Gastro-oesophageal reflux disease (GORD)

Last updated:

Reviewed by:

Dr Rhianna McClymont

, Lead GP at Livi

Medically reviewed

If you have gastro-oesophageal reflux disease, the acid from your stomach comes back up into your gullet (oesophagus), irritating it and causing heartburn. It’s not usually serious, but it can cause pain and discomfort – find out about the symptoms and how to ease them.

What is GORD?

When stomach acid leaks back up into the gullet (oesophagus), it’s called acid reflux. This can irritate the lining of your oesophagus and cause inflammation. Most people experience acid reflux from time to time, but when it happens regularly, it’s called gastro-oesophageal reflux disease (GORD).

GORD symptoms

The most common symptom of acid reflux is heartburn, which causes a rising, burning feeling in the middle of your chest and up towards your neck.

Other symptoms can include:

  • Repeated hiccups

  • Bad breath

  • Bloating and indigestion

  • Feeling sick

  • Belching

  • Coughing and wheezing

  • Sore throat

What causes GORD?

The sphincter is a circular band of muscle at the bottom of the oesophagus – this usually relaxes as you swallow to let food and drink enter the stomach and then closes to prevent acid flowing back up. But if the sphincter gets weak, or relaxes at the wrong time, stomach acids can leak out, causing ‘backwash’ in the oesophagus and leading to inflammation.

It’s not always clear why this happens, but certain factors can increase your chances of experiencing acid reflux:

  • Certain food and drink – Common culprits include fatty or spicy foods, coffee, tomatoes, alcohol and chocolate

  • Being overweight

  • Smoking

  • Pregnancy

  • Stress and anxiety

  • Certain medication, like anti-inflammatory painkillers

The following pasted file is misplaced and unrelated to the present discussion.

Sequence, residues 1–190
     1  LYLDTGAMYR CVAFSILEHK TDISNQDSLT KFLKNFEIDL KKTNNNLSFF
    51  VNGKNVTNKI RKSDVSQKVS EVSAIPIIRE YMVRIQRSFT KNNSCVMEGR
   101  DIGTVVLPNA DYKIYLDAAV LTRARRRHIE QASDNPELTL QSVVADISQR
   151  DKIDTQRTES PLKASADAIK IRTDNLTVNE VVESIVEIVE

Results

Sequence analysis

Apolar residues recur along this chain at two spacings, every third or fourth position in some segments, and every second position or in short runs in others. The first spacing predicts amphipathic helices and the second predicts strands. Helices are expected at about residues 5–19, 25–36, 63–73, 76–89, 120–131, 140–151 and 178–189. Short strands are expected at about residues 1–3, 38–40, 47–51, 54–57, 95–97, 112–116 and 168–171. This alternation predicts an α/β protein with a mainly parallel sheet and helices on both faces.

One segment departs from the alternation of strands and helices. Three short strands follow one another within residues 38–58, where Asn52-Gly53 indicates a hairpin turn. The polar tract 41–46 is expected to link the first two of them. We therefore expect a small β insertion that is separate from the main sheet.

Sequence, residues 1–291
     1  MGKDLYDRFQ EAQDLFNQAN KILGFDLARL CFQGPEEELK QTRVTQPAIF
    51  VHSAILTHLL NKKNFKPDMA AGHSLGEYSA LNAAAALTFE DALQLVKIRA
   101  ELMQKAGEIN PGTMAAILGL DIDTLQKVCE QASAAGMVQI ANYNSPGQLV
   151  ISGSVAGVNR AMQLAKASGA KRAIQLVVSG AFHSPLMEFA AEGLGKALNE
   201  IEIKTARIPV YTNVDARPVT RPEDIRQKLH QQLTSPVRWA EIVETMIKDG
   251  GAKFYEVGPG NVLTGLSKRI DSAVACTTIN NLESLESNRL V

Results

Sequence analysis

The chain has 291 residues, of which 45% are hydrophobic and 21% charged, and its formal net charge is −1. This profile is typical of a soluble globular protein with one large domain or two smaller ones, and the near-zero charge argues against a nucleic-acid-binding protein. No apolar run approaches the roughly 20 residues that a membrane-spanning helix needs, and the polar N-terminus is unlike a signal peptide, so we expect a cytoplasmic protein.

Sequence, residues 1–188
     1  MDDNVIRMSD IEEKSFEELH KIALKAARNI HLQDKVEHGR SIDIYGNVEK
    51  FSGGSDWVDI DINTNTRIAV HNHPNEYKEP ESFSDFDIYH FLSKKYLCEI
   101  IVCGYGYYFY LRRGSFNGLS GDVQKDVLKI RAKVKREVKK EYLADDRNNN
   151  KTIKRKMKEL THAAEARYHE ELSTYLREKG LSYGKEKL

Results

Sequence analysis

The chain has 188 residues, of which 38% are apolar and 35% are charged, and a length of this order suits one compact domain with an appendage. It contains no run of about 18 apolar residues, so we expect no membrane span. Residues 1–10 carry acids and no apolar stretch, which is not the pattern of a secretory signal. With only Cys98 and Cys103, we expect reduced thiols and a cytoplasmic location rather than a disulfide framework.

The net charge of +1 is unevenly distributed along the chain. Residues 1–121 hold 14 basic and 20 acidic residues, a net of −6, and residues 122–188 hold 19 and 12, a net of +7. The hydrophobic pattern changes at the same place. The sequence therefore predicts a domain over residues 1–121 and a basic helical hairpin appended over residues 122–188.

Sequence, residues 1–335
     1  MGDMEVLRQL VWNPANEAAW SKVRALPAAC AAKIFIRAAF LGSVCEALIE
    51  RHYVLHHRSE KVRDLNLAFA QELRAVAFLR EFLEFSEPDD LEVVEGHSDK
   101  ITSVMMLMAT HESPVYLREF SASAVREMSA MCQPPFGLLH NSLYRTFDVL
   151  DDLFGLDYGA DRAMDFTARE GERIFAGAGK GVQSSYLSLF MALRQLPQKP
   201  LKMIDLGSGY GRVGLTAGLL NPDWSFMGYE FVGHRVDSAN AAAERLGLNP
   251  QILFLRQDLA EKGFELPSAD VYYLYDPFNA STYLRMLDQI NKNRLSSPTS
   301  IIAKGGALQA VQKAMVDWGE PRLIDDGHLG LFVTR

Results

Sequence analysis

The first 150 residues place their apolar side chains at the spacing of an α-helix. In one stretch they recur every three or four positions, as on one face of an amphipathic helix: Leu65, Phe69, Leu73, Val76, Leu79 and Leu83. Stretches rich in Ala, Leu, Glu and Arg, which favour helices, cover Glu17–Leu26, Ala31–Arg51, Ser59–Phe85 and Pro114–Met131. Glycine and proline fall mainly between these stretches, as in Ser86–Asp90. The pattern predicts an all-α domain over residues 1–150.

• Hiatus hernia – when part of your stomach protrudes into your chest

Self-help measures for GORD

Mild acid reflux and heartburn can often be managed with some simple lifestyle changes, like:

  • Eating smaller meals more often and avoiding big meals

  • Avoiding foods that may irritate your symptoms

  • Not eating for a few hours before you go to bed

  • Sleeping with your head and chest raised above the level of your waist to stop stomach acid from travelling up your throat – you can use pillows or prop one end of your bed up

  • If you’re overweight, it can help to lose some weight

  • Finding ways to manage your stress levels

  • Not smoking and cutting down on the amount of alcohol you drink

GORD treatment

Antacids are medicines that are readily available over-the-counter. These ease the symptoms of heartburn and acid reflux by neutralising the acid in your stomach.

In some cases, the doctor may prescribe a course of medication called a proton pump inhibitor (PPI). This stops the stomach from producing so much acid over several weeks.

If symptoms persist or they are severe, you may be referred to a specialist for further tests or treatment. These can include:

  • Gastroscopy – An endoscope (a thin, flexible tube) is passed down your throat to look inside your oesophagus and stomach to see what’s causing the symptoms

  • Laparoscopic fundoplication – Keyhole surgery on your stomach (through small incisions in your skin) to wrap the top part of your stomach around your lower oesophagus and stop the acid reflux. If GORD is caused by a hiatus hernia, your doctor may recommend this procedure at the same time as repairing your hernia

  • Other tests, like a chest X-ray, may also be used if doctors need to rule out other possible conditions

When to see a doctor

It can be possible to self-manage GORD symptoms with changes to your lifestyle and over-the-counter remedies, but it’s a good idea to see your doctor if:

  • Your symptoms are severe or persistent

  • You take over-the-counter remedies more than twice a week regularly

If you experience other symptoms, like severe chest pain, and you also have breathlessness or pain that travels from the chest to other parts of the body, see a doctor immediately as these can be signs of a heart attack.

Last updated:
Reviewed by:
Dr Rhianna McClymont, Lead GP at Livi